Is extending direct benefit transfers to fertilizers a boon or bane?

There are signs of improvement for all stakeholders; however, it’s still early days as DBT is not yet fully implemented both in terms of geography and its offerings.

The government continues on its path of digitizing the rural economy by introducing direct benefit transfer (DBT) of fertiliser subsidies in five more states next month. Last month, the DBT facility for fertiliser subsidies was rolled out in 14 states.

Fertiliser subsidy at Rs 70,000 crore annually is the second largest subsidy element in the budget, after food subsidy. However, fertilisers like many other subsidies have seen pilferages with money reaching the wrong hands.

But has extending DBT to the fertiliser sector started to impact the lives of farmers, retailers, producing companies and the government?

There are signs of improvement for all stakeholders; however, it’s still early days as DBT is not yet fully implemented both in terms of geography and its offerings.

As of now, there are 12 states that are yet to see DBT being rolled out. The current five states that are selected for a rollout are big agricultural states of Punjab, Haryana, Chhattisgarh, Madhya Pradesh and Andhra Pradesh which will go live in December. The remaining states are expected to see DBT rollout in January 2018.

Government officials say that the difficult phase is over and the software is working better with teething issues being resolved on a daily basis.

But this is just the first phase of implementation, one that analysts call a data collection phase. DBT in fertilisers is different from that of cooking gas. In the case of the latter subsidy is directly transferred to the bank account of the consumer who buys gas cylinders.

In the case of fertiliser, the government is transferring subsidy to companies after checking retail sales data captured through the Point of Sale (PoS) machines. The transfer of fertiliser subsidy directly into farmers’ bank account will be taken up in the second phase.

As the prices of fertilisers, especially complex fertilisers, are high, farmers might not be able to make an upfront payment. Thus, the government sells it to them at a subsidized price and provides the subsidy directly to the company that produces these fertilisers.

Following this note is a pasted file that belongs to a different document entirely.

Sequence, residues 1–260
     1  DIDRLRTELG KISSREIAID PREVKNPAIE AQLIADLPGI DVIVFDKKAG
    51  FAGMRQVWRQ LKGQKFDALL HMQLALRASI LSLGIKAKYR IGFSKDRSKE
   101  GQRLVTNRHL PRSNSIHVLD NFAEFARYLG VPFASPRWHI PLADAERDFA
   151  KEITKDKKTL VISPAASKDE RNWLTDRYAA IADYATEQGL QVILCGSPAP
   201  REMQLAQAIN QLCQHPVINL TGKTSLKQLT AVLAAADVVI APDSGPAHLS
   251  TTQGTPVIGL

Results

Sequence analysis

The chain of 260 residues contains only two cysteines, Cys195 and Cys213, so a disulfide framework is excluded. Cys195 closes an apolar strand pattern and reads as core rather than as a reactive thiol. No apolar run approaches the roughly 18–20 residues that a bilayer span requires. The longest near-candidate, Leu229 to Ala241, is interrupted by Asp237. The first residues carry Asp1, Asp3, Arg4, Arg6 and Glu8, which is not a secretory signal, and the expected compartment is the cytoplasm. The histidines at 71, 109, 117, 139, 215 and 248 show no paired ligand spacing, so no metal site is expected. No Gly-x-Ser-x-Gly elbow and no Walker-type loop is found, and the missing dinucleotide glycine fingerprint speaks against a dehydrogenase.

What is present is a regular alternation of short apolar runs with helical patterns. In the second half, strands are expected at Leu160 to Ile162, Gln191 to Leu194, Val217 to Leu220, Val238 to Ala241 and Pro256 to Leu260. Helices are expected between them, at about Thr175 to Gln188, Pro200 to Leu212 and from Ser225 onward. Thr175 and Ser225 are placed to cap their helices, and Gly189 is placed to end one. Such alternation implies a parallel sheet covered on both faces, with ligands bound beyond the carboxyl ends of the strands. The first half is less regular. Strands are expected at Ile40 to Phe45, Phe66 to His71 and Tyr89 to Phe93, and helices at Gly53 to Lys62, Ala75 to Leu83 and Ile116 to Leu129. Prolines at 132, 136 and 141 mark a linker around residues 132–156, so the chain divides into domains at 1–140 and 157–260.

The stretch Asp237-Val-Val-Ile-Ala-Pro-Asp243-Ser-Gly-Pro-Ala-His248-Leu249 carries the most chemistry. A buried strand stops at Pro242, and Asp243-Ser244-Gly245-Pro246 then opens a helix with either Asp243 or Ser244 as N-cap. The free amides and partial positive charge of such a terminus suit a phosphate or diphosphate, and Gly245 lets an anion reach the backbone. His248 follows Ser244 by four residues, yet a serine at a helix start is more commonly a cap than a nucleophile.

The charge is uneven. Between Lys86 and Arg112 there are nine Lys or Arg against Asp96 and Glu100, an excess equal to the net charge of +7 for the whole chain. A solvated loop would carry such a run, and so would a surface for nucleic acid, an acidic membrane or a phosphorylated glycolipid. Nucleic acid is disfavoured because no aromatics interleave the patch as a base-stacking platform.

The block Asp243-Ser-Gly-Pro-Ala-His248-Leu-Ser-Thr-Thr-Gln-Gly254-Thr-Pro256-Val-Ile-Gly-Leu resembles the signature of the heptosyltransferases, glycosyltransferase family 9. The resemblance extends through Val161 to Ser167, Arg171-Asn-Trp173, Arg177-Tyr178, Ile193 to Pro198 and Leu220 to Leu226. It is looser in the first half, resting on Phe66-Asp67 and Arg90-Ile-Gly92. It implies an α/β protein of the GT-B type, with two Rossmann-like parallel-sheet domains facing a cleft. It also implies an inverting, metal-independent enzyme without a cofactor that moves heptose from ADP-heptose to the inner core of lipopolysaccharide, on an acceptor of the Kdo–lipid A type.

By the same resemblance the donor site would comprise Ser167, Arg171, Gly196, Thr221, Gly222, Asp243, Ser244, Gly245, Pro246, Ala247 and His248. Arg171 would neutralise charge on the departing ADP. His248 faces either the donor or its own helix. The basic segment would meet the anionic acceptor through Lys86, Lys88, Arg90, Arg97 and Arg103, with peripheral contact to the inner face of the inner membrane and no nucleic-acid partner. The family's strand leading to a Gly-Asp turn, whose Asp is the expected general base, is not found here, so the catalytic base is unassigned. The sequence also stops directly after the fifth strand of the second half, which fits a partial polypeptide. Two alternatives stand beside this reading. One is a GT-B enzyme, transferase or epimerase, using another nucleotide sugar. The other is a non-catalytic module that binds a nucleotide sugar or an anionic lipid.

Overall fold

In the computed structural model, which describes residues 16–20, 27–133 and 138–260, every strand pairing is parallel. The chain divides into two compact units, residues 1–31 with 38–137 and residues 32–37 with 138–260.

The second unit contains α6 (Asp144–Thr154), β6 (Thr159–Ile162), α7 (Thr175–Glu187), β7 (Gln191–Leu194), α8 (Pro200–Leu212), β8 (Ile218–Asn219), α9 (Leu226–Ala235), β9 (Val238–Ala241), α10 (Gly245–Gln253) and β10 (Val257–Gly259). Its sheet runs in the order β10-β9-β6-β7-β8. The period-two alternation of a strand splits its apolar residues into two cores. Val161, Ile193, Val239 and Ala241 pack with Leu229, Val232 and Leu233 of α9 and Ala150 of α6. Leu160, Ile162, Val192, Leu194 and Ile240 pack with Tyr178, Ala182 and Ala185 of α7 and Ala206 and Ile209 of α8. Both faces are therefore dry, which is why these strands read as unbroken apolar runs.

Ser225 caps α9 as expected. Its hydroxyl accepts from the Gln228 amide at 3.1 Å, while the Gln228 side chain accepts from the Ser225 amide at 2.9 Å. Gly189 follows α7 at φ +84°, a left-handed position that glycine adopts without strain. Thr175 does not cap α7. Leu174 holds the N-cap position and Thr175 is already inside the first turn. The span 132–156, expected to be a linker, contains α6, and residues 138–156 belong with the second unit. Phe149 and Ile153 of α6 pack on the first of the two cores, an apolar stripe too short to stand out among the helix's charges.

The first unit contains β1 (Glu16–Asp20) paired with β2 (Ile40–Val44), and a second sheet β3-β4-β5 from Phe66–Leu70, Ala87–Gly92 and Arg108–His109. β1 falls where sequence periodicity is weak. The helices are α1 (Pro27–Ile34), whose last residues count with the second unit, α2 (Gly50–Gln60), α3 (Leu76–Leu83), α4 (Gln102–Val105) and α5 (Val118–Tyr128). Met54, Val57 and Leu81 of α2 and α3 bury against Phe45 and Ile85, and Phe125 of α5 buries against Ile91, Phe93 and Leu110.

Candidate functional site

As for the farmers who purchases fertilisers from the retailers they have to first give details of their Aadhaar card, which essentially is helping the government to collect data on purchasing pattern and size of the land of the farmer. This move has helped curb hoarding of fertilisers by some of the bigger farmers or other industrial players who use subsidised fertilisers for their manufacturing process.

Details of the farmers’ purchases are recorded in the Point of Sales (PoS) machines. This detail will subsequently be mapped with a soil card and provide guidance on the use of fertiliser. This is expected to improve the health of the soil and subsequently help improve productivity and farmer income.

Since every kg of fertiliser sold at the retailer’s end now has an address, retailers who used to either help hoarding, sold spurious fertilisers or sold it to industries are shutting shop. A survey done in six districts found that nearly 300 retailers did not renew their licences after implementation of DBT.

While the benefit of DBT is visible there are many challenges ahead. First, the implementation of phase 2 of DBT which will help farmers see the real benefit and help the government plugging the leak.

Second, the infrastructure support system. A PoS needs to be functional at all times, which means every village has to have electricity and internet connection; this is especially true during cropping seasons. And finally packaging it all with the help of soil cards and agronomists to micromanage the agriculture output.

While the work is done in DBT is credible and will address the farmer’s woes at the manufacturing end, the move will only aggravate the farmer’s trouble at the market end.

Higher productivity will only lead to lower prices of the produce. Unless there is a mechanism in place to ensure better prices to the farmer DBT will only increase the farmer’s agony; the only difference is this time it will be more transparent. If this leads to new rounds of loan waivers the benefit of DBT will come to naught.